The Blessed Virgin – May Devotions
Following her, you cannot go astray; praying to her, you cannot despair; thinking on her, you cannot err; in her hands, you cannot fall; under her protection, you have nothing to fear; under her guidance you cannot feel fatigued; under her patronage, you will arrive at your heavenly country in safety.” – St. Bernard
Catholics have ever loved Mary, and since the earliest ages there never existed a Catholic Church where her intercessory power was not fully acknowledged as in our own days. Hence at all times we find either her pictures, statues (often on the wayside), oratories or sanctuaries, festivals and confraternities. Hence, also, the many public devotions, indulgenced prayers, rosaries, scapulars and medals.
The month of May is specially consecrated to her. The devotions this month should, if possible, be performed in union with the congregation in a public church; but if unable to attend, they can be made at home in presence of an altar furnished according to taste and means. These pious exercises are sure to bring down blessings on ourselves and our homes.
We should not forget, however, that these exterior devotions to Mary do not avail much unless accompanied with earnest desires and efforts to imitate her virtues, especially purity of conscience, resignation in sufferings, and the faithful discharge of the duties of our state of life. Who could approve of the devotion of a mother of a family who would hear Mass in honour of the Blessed Virgin, or visit her shrines, when her children’s care and domestic concerns required her presence at home? Who could be satisfied with the genuineness of a person’s love for Mary, who on returning from her altars, speaks ill of others, judges rashly of them, or provokes them to anger? Such persons rather do an injury to our Blessed Mother. True devotion to Mary always supposes fervour in the service of the Almighty.
Blossoms the sweetest and jewels most rare,
Tapers whose starry flames token our love,
Upward aspiring to praise her above.
Lay at her spotless feet Nature and Art,
But let the crowning gift e’er be thy heart.”
Example – Alphonse Ratisbonne
Alphonse Ratisbonne, the son of a rich Jew, was born at Strasburg May 1, 1814. He was highly educated, but cared little for religion save to detest Christianity. Having set out on a tour to see the world, he visited Rome, and there became acquainted with Baron de Bussiere, who was a fervent convert, and who tried to persuade him to become one also. Ratisbonne replied with a scornful smile and even blasphemy.
De Bussiere’s zeal was increased by the genuine pity he felt for his friend’s spiritual blindness, and he felt himself inspired to argue no further, but to try the effects of our Lady’s intercession.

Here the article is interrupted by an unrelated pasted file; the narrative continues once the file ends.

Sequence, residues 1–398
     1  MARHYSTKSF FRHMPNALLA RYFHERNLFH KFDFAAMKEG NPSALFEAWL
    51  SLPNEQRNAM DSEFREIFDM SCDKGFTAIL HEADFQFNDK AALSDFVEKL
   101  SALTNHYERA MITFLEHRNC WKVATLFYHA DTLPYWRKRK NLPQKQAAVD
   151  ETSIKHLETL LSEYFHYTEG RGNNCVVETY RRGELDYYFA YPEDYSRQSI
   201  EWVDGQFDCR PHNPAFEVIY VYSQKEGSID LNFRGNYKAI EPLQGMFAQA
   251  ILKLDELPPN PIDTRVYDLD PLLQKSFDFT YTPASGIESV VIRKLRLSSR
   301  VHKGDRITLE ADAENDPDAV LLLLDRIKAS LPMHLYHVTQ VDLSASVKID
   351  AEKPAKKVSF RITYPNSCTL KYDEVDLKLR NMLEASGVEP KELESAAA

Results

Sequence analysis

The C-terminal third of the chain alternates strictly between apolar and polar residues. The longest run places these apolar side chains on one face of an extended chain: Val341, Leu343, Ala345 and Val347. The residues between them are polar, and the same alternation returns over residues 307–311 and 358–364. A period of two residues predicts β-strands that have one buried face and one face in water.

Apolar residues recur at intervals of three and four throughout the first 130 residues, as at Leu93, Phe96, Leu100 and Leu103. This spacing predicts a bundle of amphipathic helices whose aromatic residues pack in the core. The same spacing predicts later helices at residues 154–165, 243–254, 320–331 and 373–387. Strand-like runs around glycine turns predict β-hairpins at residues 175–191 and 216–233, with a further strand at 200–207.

Accordingly he gave him a miraculous medal, requesting him to wear it around his neck, which Ratisbonne promised reluctantly to do. Meantime De Bussiere got Count de la Ferronays, late Ambassador to Russia, and several other friends to pray fervently for his conversion. The Count died a few days later, and while the Church of St. Andrew was being prepared for the funeral obsequies, Ratisbonne entered it by chance about midday. What happened is best described in his own words: “Oh, what prayers the good Baron must have said for me! How happy I am! How good God is!
What a plentitude of grace and happiness! How deserving of pity are those who haven’t the Faith! I was only a minute in the church, when suddenly I felt myself seized with inexpressible trouble. I raised my eyes, and the edifice disappeared from my view, except a single spot which was a blaze of light. In the midst appeared the Blessed Virgin, tall, brilliant, full of majesty and sweetness, just as she is represented on the medal. I felt drawn towards her.
She made a sign to me as if to kneel down, but did not speak; but I understood what she would have said. O my God! this happened to me, who a half-hour previously blasphemed and had such a hatred against the Catholic religion.”
The celestial vision changed the disposition of his heart. He burst into tears, and was instantaneously converted from Judaism to Catholicism. After proper instruction, he was baptized. Later on he renounced the brilliant prospects held out by immense wealth and rare talents, and became a member of a religious Order.
Catholic Life or Feasts, Fasts, and Devotions of the Ecclesiastical Year